There is a call for FDA to place a new drug warning on labels and the FDA did implement such a warning for Vioxx six years after the drug was on the market, but Drs. Schwartz and Woloshin point out that "there are no FDA requirements to do so for other new drugs."
The Institute of Medicine called for a new drug warning in 2006, something that the Great Britain has already adopted. A black triangle is added next to the name of all drugs for at least the first 2 years they are on the market.
Drs. Schwartz and Woloshin go on to say that: "the US FOOD AND DRUG Administration approves drugs when it believes that benefits outweigh harms. But approval does not mean that the FDA believes benefits are large (or important) or that all serious side effects are known. The typically small size (a few hundred to a few thousand participants), short duration (less than a year), and limited end points of pre-approval studies ensure that important uncertainties remain. Uncertainties are greatest in the first few years after approval and for drugs approved solely on the basis of a surrogate (marker of disease) outcome."
Drs. Schwartz and Woloshin continue: "Despite uncertainties about benefits and harms, many new drugs are aggressively promoted to the US public in no uncertain terms. For example, direct-to consumer (DTC) advertising for Zetia and Vytorin (approved only on the basis of improving lipid profiles) reached $200 million (sales reached $1.8 billion) in 2007, the year before a randomized trial reported in the New England Journal of Medicine failed to detect any clinical benefit. Advertisements only included a statement acknowledging that the clinical benefit was unknown after publication of this trial."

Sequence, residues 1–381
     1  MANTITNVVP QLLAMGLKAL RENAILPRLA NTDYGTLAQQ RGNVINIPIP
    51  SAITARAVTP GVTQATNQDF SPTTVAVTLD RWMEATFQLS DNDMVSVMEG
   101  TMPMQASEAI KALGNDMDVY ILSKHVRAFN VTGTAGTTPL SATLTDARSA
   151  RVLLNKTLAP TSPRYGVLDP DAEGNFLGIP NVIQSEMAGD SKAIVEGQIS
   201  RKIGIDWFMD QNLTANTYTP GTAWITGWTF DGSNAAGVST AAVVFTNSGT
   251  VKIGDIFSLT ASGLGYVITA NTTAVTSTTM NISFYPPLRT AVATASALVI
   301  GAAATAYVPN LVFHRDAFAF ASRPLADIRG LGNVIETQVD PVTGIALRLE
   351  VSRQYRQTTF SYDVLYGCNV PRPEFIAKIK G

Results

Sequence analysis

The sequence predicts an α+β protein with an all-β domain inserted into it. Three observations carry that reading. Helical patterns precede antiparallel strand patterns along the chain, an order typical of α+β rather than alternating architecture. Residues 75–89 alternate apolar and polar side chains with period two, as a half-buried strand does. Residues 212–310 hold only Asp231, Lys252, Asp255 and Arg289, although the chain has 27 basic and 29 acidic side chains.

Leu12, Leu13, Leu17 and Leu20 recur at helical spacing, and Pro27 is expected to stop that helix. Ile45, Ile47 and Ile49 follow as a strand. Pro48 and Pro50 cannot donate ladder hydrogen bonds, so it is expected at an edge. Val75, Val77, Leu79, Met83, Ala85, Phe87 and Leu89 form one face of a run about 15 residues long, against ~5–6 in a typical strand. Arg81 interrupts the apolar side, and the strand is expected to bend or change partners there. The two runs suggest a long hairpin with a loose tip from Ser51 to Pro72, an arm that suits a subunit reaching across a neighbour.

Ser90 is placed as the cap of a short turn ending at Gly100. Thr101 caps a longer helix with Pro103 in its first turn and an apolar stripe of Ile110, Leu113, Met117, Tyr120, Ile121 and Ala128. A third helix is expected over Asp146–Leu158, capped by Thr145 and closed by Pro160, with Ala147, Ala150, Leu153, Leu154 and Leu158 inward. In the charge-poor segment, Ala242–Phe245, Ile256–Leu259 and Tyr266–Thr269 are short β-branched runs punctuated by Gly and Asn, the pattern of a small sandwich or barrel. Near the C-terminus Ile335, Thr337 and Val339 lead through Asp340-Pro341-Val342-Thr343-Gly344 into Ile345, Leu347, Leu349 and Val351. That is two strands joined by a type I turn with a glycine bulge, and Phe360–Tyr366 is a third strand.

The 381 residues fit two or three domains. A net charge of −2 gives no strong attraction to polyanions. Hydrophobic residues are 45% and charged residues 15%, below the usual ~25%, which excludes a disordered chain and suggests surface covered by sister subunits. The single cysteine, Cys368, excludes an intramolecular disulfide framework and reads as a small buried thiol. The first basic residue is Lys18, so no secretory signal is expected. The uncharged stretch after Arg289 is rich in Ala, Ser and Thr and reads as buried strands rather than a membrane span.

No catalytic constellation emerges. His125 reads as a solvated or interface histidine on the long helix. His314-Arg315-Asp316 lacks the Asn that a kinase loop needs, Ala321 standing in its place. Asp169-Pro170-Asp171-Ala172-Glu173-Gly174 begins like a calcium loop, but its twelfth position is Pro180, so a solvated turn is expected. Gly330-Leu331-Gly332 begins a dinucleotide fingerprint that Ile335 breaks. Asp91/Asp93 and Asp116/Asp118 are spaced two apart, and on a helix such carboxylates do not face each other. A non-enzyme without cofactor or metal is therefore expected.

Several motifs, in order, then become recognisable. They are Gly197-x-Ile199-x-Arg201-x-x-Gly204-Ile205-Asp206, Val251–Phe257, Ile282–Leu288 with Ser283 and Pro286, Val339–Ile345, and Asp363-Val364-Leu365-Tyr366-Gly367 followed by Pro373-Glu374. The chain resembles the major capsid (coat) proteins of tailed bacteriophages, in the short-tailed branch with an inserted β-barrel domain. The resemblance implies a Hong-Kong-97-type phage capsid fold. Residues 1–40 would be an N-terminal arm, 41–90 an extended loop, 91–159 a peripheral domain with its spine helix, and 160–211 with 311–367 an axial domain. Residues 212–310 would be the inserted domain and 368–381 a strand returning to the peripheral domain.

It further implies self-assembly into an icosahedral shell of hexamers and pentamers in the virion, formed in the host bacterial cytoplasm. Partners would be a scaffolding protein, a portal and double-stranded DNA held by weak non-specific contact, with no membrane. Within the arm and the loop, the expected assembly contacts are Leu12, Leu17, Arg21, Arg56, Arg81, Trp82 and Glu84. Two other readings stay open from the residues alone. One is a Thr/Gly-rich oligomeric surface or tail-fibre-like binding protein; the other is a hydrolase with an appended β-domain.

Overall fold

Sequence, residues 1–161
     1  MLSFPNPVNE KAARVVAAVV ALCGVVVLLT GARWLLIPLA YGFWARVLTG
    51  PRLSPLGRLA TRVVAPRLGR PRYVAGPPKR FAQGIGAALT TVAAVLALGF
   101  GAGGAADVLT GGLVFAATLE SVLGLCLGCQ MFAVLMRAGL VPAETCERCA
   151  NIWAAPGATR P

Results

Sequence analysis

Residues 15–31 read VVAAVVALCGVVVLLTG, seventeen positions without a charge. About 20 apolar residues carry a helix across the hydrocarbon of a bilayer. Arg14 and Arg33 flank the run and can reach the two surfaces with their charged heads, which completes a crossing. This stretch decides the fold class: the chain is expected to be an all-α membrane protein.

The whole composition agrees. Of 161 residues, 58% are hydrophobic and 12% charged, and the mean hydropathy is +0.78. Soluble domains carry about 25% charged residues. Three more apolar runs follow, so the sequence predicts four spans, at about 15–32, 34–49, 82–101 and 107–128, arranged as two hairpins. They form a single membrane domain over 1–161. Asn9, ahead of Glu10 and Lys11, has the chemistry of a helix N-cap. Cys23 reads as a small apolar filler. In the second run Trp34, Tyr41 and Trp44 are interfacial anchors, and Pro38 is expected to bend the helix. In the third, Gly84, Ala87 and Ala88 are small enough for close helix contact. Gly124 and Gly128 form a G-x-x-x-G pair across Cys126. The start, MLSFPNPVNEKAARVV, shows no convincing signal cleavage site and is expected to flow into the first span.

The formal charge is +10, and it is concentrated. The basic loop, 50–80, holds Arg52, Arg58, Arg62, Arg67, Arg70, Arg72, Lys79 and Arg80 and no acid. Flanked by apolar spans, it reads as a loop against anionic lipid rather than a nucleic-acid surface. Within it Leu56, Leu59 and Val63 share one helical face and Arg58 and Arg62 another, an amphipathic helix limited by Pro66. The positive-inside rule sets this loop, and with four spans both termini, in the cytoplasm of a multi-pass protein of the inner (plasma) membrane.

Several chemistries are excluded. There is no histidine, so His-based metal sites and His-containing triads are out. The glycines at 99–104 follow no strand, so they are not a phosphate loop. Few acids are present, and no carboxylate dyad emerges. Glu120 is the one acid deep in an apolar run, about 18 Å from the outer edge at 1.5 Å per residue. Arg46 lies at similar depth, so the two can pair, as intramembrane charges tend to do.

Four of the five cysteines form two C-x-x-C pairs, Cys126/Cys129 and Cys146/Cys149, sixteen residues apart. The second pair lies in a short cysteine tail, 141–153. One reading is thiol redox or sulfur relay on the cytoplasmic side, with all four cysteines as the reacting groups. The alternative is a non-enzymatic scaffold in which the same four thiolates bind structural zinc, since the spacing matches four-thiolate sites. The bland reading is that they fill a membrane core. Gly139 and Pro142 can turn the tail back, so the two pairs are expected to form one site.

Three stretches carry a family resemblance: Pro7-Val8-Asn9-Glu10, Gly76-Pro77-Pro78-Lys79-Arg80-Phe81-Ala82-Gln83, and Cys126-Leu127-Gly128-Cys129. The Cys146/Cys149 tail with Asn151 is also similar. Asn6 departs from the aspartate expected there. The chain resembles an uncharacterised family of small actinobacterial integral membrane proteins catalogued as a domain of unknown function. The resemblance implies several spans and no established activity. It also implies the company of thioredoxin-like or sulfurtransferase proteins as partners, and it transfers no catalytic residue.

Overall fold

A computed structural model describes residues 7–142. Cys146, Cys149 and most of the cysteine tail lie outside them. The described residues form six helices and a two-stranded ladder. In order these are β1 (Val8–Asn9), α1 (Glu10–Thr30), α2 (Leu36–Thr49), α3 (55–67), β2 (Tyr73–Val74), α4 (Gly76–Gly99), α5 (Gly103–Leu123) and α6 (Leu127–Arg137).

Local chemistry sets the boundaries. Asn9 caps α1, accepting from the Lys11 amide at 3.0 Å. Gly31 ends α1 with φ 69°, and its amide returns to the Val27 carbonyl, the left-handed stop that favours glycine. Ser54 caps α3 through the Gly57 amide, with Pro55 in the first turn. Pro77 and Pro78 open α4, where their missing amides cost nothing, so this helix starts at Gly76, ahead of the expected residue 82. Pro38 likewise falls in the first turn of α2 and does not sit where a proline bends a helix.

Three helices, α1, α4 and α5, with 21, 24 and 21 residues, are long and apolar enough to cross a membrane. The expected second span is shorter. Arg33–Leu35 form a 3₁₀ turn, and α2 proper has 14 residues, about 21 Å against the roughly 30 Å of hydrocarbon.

Their report in the Archives of Internal Medicine says: "In 2000, a year after it was approved by the FDA, direct-to-consumer advertising for Vioxx surpassed all other drugs, reaching $500million (sales reached $2.4 billion) by 2003, the year before it was withdrawn from the market because it caused myocardial infarction and strokes. The FDA has never required advertisements to acknowledge uncertainties inherent in all new drugs."
While precautionary statements printed on labels do help consumers better understand risks, the improvement is modest. A 23-word explanation resulted in 12% more people correctly choosing a drug that reduced heart attacks over one only known to improve cholesterol levels. A 37-word explanation resulted in 19% more people correctly choosing the drug with a longer track record. This assumes consumers actually read drug labels. Many don't. And even with the inclusion of these precautionary statements, one-third of participants still chose a drug with an unproven benefit.
Drs. Schwartz and Woloshin add that "even with our most effective explanation, almost one-third of participants still chose a drug with only a surrogate benefit over one with a patient benefit, and nearly half still chose a new drug over an equally effective older drug. Because these ideas may challenge intuitive assumptions (that is, new is better) and be unfamiliar (that is, markers of disease do not reliably translate into patient benefit), it may take time — and reinforcement by trusted sources — for more patients to accept them."